The wrenching legacy of sexual violence makes the job of proper medical care in the camps harder
United Nations: A surge in births among Rohingya refugee women in Bangladesh is imminent and the fact that possibly thousands of the pregnancies resulted from rape makes the provision of proper medical care in the camps more difficult, according to a UN News portal report.
With the monsoon season fast approaching in Bangladesh, UN agencies and their partners are struggling to protect nearly 700,000 Rohingya refugees from disaster and disease, Xinhua news agency reported citing the portal report released on Friday.
While the imminent new births are already a great challenge to the world body, the wrenching legacy of sexual violence makes the job even harder.
The displaced population includes an estimated 40,000 pregnant women, UN officials estimate, many of whom are expected to give birth in coming weeks.
An unknown but significant share of these pregnancies, aid officials believe, resulted from rapes committed by members of the Myanmar army and allied militants.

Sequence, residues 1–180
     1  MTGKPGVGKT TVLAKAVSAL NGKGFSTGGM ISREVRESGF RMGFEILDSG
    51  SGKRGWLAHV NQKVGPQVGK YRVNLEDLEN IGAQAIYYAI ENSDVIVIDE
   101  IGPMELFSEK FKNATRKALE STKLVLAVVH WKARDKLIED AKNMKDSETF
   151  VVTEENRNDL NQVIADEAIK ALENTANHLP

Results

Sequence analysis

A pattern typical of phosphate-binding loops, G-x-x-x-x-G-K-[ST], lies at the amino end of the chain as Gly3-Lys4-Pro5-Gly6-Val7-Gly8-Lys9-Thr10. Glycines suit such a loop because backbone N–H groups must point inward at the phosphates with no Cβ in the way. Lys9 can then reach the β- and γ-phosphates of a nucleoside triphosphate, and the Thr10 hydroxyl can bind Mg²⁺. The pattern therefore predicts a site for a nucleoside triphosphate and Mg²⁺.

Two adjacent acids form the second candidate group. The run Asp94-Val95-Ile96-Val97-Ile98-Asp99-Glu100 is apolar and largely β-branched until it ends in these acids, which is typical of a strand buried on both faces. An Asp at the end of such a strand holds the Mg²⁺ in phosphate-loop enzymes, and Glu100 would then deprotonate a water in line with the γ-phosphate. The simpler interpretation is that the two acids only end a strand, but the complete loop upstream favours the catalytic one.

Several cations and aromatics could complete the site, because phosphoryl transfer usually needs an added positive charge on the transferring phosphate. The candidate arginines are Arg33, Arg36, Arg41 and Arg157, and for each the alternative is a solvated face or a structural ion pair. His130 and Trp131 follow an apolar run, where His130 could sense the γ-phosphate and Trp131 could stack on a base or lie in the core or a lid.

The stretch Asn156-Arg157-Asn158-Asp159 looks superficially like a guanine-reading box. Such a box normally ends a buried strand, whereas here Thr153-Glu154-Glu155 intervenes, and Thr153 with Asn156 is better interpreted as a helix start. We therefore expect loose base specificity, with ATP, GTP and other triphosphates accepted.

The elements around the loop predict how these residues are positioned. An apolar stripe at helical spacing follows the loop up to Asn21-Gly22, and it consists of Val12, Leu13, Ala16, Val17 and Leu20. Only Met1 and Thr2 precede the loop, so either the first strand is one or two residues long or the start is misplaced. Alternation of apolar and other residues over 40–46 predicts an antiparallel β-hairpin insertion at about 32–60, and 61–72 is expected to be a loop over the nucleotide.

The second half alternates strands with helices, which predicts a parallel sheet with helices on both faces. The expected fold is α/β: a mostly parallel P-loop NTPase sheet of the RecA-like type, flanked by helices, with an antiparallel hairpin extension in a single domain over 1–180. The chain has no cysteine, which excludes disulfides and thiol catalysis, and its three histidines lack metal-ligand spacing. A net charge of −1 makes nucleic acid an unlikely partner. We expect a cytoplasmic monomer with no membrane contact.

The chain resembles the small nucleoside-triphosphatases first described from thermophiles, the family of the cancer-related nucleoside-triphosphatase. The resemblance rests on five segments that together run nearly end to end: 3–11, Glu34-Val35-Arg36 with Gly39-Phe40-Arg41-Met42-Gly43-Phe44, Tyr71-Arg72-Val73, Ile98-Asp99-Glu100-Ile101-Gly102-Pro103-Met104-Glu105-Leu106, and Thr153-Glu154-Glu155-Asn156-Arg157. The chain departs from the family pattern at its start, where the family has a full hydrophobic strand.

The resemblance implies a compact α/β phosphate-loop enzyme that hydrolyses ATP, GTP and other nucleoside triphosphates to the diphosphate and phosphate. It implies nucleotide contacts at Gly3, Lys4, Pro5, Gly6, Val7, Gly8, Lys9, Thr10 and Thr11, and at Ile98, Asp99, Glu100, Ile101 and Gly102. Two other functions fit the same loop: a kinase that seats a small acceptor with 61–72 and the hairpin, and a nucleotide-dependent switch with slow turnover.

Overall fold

Pregnancies resulting from “what we believe could have been a frenzy of sexual violence in August and September 2017 could come to term very soon”, Andrew Gilmour, UN Assistant Secretary-General for Human Rights, told UN News. “So, we are expecting a surge of births.”
In March, Gilmour travelled to Bangladesh’s Cox’s Bazar, where the refugees have settled in camps and make-shift clearings after escaping violence in Myanmar’s Rakhine.
Fearing stigma, sometimes feeling depressed or ashamed, pregnant refugee women are often reluctant to admit that they were raped, according to medical and aid workers.
Attacks by Rohingya activists on Myanmar security posts in Rakhine on August 25, 2017, prompted alleged massive retribution by Myanmar security forces and vigilante groups, forcing the mostly Muslim Rohingyas to flee to Bangladesh.
Sexual violence, as well as killings and the burning of villages, were reported.